Hey Mages! Here we are again to discuss game design, elements and wonderful mechanics. Today we’re talking about the flow specialist, the components gatherer… today we’re talking about Water.

Water drop by Camille Fourcade

Water drop by Camille Fourcade

So what is Water about exactly?

Water was a tough element to balance and create. Water has so many forms and is such a versatile and vital thing that it was complex to pinpoint its very core. Instead of Water in itself, we decided to focus on what it would feel like to manipulate it.
This led us to the following main concepts:

  • Flow
  • Aggregation
  • Versatility

All of those were very interesting concepts to have. The challenge was to bring them together into a single element.

What we did with Water

The first thing we wanted to take care of was Water’s versatility. This meant that water should be able to do a bit of everything, turning it into a jack of all trades. Allowing a Water Mage to deal damage, heal, draw cards, manipulate Mana and all other sorts of neat tricks that any good Mage should have up their sleeve.

The water healer card

The broad range of abilities brought by all Water spells is a good depiction of this trait. The important part however was to ensure that all of these abilities were precisely balanced.
Make them too weak, water wouldn’t be useful and would end up never used compared to the other elements.
Make them too strong and water would become the best at everything, sinking every other element in oblivion.

The end result is pretty good as Water has a lot of tools and a healthy power level. But even more than versatility, the most exciting thing about Water are the two other concepts we really wanted to put into the game.

Gotta go with the flow

The concept of flow was a very important part of Water’s identity. We wanted Mages to feel like they could pour some water from a container to another as they want, in a natural yet useful way. But moving spells directly was pretty hard to represent and ended up creating impractical situations. Something that was much easier to move around and play with was Mana itself.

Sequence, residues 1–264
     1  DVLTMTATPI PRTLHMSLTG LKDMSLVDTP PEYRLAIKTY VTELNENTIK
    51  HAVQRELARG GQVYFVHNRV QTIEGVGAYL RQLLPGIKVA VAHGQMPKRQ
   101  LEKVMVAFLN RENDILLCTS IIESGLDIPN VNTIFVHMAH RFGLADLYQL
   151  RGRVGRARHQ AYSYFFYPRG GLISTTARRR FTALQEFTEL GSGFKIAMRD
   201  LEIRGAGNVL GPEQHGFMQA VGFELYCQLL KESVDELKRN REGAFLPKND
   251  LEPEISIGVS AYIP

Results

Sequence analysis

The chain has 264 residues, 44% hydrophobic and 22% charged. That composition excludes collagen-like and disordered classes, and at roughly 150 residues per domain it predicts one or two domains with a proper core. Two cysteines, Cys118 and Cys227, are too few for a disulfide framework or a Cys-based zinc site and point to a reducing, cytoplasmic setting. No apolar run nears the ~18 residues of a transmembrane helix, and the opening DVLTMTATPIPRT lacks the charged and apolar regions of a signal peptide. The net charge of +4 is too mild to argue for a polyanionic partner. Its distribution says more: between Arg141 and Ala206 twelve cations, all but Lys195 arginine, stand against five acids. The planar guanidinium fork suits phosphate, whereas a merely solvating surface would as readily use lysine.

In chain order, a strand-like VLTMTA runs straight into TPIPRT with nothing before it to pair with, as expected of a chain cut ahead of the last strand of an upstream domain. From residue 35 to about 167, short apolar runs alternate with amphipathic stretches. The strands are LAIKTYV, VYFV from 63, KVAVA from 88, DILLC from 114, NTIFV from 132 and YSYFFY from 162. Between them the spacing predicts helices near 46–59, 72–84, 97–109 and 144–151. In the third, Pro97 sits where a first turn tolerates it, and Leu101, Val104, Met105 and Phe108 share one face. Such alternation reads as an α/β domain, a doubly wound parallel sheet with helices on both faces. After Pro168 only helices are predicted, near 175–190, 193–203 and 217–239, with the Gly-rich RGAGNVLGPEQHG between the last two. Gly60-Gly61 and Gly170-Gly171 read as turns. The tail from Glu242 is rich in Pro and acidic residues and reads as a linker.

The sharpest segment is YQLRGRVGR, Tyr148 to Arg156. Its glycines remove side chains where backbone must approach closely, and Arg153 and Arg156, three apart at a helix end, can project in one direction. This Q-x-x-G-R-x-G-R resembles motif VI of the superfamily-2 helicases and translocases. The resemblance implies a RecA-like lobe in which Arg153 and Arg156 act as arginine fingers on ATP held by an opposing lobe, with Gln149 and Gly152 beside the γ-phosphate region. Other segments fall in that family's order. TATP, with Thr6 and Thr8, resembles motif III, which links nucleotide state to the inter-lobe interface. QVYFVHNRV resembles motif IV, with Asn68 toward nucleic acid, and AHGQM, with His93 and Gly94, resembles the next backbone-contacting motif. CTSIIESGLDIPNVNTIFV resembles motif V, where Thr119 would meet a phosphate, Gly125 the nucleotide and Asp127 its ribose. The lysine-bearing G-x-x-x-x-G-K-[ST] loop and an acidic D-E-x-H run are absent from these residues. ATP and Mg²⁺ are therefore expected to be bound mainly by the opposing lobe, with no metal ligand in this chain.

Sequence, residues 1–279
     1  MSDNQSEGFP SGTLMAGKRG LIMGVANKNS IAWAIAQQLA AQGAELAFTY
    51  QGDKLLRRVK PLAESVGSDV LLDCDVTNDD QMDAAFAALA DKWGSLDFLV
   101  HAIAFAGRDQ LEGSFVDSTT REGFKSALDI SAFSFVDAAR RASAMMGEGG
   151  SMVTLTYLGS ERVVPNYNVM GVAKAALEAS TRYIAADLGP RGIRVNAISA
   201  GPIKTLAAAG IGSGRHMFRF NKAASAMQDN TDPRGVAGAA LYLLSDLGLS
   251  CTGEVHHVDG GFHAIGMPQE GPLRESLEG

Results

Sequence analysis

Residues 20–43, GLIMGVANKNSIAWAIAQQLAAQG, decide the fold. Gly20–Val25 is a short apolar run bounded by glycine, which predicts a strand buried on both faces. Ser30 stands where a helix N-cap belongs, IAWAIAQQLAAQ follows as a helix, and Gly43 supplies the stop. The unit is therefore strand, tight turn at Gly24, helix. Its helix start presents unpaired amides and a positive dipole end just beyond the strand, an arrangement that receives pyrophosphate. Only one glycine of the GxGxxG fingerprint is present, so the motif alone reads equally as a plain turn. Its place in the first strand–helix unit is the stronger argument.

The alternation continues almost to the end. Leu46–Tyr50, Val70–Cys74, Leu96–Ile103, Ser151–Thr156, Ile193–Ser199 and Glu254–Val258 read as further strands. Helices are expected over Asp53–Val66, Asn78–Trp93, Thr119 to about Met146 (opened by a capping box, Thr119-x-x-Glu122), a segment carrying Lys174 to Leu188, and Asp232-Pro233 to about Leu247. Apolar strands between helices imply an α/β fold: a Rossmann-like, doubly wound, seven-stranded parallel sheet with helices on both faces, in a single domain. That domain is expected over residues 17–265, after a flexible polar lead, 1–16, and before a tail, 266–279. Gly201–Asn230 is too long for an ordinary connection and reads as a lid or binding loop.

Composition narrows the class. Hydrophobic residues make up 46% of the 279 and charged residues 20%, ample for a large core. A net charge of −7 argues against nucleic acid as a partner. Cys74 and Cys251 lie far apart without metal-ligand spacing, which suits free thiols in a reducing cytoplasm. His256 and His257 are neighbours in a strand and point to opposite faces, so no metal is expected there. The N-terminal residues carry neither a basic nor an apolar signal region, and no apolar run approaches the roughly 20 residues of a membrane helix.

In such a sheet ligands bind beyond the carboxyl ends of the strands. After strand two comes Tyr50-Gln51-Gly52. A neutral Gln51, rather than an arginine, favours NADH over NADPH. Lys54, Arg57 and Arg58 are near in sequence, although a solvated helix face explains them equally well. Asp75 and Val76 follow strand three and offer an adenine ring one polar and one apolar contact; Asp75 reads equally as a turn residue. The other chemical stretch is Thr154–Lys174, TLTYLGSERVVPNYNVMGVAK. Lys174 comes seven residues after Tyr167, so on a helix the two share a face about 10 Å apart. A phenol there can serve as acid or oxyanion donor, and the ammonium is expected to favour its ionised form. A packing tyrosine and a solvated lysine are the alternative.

And it actually felt great to play with. Having Mana physically underneath spells is a mechanic that is pretty exclusive to Mage Noir and we were very happy to exploit it in a new way to create new experiences.

Moving your Mana from one spell to another in order to use it optimally and moving that Mana back to another one afterwards really felt like taking a liquid and bending it to your will, navigating your stream of Mana from one engine to another. But this way of doing things needed players to have lots of Water Mana. Which was pretty convenient since it would lead us naturally to our third concept: Aggregation.

Great waters card Unleashed ocean card

One, ten, a million drops in the ocean.

Our main thoughts considering aggregation was that a single drop of water couldn’t hurt at all, but that the ocean may be one of the most massive and dangerous things on earth. Which led us to consider that Water’s power should be proportional to the amount of Mana and components you have.

Most elements scale with how many spells you can activate to get their effects. On the contrary, stacking components without activating them is a viable Water strategy. Simply because it has the tools to manipulate them to harm you opponent.

Whether it is by counting them additional times, using their number as a direct threat, or simply by activating them from the components zone.

One thing is for sure, Water never stops moving and can adapt to many situations.
But we’ll let you discover that for yourself when you play Water for the first time.

See you later Mages!

If you like having a very precise mastery over the state of the game and enjoy intimidating your opponent with the force of numbers, we seriously recommend you give Water a try. We hope you’re hyped for the next element presentation. We’re going back to writing!

Until next time though, take care of yourselves Mages, and have fun!